Lauretta Hill said she hopes to both integrate DPS within University gates and build relationships with the surrounding University Park community. Her goal is to ensure that everyone feels as though their voices are heard. (Shriya Jayanthi | Daily Trojan)

DT: The presence of armed officers at USC has come into scrutiny in the past few years in the wake of widespread police violence in the United States, with community critics saying they feel more scared than safe because of it — especially those belonging to groups disproportionately targeted by police activity. Do you have plans to alter the presence of armed officers on campus, and how do you respond to these criticisms?

LH: Having officers that have all those resources and those tools — obviously, de-escalation, just a plain meeting with nothing happening is the best result. But if something is occurring, you want to have your officers here and close and not be waiting on the Los Angeles Police Department to respond. 

You need to have all those tools available to you, from verbal — just talking, working through an incident — all the way up to potentially using a firearm and not waiting for somebody with a 15- to-20-minute response time when our students, faculty and staff need that. You want those tools to be available to us, to DPS.

DT: When your hiring was announced, Southers said he hopes you take DPS and USC security “to the next level.” What does that mean to you?

LH: To me, that means making sure that we’re integrated into USC and that everybody’s voices are heard, and that we build DPS based on the needs of people here and not what DPS wants, but based on the needs from the community that we serve.

DT: The CAB report found that 31.7% of 1,050 stops by campus officers in 2019-20 involved Black people, despite them only comprising 5.5% of the student body. Do you plan to publish statistics that track whether DPS has reduced disproportionate policing and racial profiling? What actions do you plan to take to address this issue, flagged back in 2021? 

LH: Profiling is absolutely unconstitutional and I will not tolerate it, period. Transparency is key. As I look at how we publish data, how transparent we are, you will understand that I am very transparent. I think it’s important for people to know what we’re doing, how we’re doing it, so they can review and see for themselves. I plan on erring on the side of transparency.

DT: Do you have plans to require officers to log all officer-initiated stops? That was something that was found not to be required by DPS in the CAB report.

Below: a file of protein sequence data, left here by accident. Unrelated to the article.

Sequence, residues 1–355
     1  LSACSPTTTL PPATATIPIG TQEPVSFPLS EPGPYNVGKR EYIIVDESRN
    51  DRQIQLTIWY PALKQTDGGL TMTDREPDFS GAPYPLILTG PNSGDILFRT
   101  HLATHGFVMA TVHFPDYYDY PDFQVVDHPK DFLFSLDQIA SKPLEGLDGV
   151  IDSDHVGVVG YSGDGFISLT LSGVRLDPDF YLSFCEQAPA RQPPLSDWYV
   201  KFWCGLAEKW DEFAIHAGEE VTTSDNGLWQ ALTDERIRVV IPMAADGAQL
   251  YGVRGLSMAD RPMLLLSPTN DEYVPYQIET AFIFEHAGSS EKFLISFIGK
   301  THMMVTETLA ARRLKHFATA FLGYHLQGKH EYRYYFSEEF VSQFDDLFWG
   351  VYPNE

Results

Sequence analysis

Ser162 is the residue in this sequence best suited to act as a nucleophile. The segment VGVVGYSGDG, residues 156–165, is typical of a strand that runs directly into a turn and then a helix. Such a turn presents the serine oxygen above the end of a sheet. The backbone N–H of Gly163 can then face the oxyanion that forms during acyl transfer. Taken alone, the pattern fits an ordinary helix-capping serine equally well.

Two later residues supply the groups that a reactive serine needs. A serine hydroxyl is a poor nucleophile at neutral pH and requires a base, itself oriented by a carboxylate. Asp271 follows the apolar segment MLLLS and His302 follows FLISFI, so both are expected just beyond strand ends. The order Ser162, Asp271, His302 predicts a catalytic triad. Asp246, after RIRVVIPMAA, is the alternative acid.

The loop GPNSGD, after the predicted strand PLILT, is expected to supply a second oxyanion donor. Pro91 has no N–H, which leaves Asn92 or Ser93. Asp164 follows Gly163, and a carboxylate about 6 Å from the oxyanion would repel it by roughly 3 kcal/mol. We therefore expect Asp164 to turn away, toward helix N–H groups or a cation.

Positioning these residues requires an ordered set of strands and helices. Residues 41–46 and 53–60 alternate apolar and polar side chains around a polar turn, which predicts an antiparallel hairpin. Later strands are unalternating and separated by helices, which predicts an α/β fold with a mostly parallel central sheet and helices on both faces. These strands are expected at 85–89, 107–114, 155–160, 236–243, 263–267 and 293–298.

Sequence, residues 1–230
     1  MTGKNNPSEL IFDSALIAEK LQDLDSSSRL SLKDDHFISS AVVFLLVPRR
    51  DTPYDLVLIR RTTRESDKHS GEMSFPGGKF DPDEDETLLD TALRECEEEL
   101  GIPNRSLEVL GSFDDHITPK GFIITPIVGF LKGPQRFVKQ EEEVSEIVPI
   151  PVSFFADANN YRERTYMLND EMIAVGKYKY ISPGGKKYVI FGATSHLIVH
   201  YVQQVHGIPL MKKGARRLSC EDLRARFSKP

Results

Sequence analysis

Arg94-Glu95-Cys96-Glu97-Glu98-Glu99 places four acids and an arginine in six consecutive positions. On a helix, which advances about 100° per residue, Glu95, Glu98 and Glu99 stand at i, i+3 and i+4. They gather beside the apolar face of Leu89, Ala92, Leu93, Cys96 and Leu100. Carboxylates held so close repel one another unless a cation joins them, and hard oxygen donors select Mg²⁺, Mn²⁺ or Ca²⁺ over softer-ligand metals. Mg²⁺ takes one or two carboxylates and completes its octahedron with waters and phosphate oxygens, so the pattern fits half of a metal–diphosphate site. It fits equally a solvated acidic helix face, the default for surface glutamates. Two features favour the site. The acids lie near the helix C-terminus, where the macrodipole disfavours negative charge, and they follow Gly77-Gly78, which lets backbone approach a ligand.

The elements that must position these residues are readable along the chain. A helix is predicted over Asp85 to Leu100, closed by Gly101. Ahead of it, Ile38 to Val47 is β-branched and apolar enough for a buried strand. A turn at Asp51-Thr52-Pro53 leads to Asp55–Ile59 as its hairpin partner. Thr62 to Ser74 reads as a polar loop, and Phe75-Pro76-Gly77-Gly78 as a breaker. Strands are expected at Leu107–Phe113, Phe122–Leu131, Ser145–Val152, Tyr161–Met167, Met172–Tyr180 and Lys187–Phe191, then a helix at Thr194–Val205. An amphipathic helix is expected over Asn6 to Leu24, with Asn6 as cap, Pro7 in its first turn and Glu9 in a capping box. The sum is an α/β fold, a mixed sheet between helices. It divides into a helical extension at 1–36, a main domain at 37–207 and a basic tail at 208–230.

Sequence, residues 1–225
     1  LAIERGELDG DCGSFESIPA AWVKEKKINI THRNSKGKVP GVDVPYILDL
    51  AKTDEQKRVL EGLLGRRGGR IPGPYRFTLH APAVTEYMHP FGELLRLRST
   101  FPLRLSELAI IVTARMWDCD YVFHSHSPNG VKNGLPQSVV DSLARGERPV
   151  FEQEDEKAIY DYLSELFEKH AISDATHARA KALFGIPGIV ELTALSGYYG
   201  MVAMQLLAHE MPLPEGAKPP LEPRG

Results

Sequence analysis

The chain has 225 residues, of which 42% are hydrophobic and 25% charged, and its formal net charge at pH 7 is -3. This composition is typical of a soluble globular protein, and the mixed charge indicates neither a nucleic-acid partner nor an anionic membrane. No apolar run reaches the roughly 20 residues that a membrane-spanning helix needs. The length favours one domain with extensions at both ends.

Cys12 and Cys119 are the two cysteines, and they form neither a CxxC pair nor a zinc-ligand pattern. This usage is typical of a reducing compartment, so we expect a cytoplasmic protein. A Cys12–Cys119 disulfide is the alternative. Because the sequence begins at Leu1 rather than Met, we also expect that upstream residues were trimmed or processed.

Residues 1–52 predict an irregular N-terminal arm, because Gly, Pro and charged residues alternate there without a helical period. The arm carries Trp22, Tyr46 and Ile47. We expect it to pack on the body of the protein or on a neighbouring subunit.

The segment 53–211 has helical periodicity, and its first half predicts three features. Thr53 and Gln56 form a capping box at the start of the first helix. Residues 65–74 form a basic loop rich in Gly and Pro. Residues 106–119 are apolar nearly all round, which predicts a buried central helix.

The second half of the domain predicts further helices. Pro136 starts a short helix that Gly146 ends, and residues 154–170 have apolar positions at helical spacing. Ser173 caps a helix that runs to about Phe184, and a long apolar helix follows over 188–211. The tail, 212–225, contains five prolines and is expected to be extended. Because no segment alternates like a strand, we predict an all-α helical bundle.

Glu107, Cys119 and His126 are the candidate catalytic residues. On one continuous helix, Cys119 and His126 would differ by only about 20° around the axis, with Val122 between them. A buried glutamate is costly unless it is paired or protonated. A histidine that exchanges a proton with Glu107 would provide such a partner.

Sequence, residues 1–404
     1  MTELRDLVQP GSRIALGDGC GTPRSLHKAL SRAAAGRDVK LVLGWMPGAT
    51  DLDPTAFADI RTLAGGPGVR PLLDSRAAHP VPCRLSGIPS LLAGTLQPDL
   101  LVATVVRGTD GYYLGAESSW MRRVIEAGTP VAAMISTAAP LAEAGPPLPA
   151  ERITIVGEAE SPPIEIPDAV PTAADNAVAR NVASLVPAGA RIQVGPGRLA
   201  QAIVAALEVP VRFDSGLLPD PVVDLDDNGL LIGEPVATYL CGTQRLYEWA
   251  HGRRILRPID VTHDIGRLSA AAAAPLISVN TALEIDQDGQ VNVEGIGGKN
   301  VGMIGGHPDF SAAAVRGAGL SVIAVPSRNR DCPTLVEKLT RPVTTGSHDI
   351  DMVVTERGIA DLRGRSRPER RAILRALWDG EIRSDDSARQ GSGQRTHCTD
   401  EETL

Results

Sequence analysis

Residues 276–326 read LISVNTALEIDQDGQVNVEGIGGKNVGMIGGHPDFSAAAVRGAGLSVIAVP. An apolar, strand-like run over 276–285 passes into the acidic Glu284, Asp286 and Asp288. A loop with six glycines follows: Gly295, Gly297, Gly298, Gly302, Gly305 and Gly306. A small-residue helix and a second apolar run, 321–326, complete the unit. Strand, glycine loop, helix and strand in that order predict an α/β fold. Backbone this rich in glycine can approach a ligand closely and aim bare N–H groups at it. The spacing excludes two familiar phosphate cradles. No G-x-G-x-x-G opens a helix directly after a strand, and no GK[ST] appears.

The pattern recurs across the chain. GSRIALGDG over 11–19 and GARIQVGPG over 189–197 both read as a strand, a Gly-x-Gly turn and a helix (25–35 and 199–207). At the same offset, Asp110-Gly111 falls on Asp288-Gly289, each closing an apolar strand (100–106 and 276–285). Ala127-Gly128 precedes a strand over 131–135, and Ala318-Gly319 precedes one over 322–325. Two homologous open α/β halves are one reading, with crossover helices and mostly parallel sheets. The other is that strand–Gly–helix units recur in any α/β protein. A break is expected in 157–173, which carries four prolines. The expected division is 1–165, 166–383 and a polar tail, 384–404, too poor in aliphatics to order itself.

LH: I don’t know what the process is, but I definitely plan to look at all of the digging deeper and be able to answer that a little more in-depth.

DT: How do you see DPS’ role in interacting with the University Park community outside of USC’s gates? Will DPS work to ensure the surrounding area does not suffer from over-policing and patrolling, and that community members trust DPS officers?

LH: It is absolutely imperative that we are partners and collaborate with the entire community. All our students, faculty and staff live outside of the University, so it’s really important that we are part of the entire community internally and externally. I will absolutely build those relationships. I know there’s some that’s already there. 

I want to be available. I want people around the community to know that DPS is here for them, not just on the campus, but the surrounding campuses that we’re going to serve them. It’s my goal to make sure that everybody feels that their voices are heard and that policing [and] DPS is measured on how we respond. 

DT: Are there any specific community outreach programs or initiatives that you’re hoping to lead to make sure that there’s that kind of knowledge and trust in the community?

LH: There’s a lot of national models and a lot of things that are out there, but I don’t know everything that we have here, so I want to evaluate what we have here, and then add to it. 

DT:  What drove your decision to apply to work at USC’s DPS?

LH: This is kind of a once-in-a-lifetime opportunity. These positions at universities, such as USC, don’t come up that often and, so, when they do, you just look at it as, “Okay, can I do something to further the department? Can I bring something that will help them move the needle to the next level?” I felt that I had some more time in me in my career. I wasn’t ready to go home.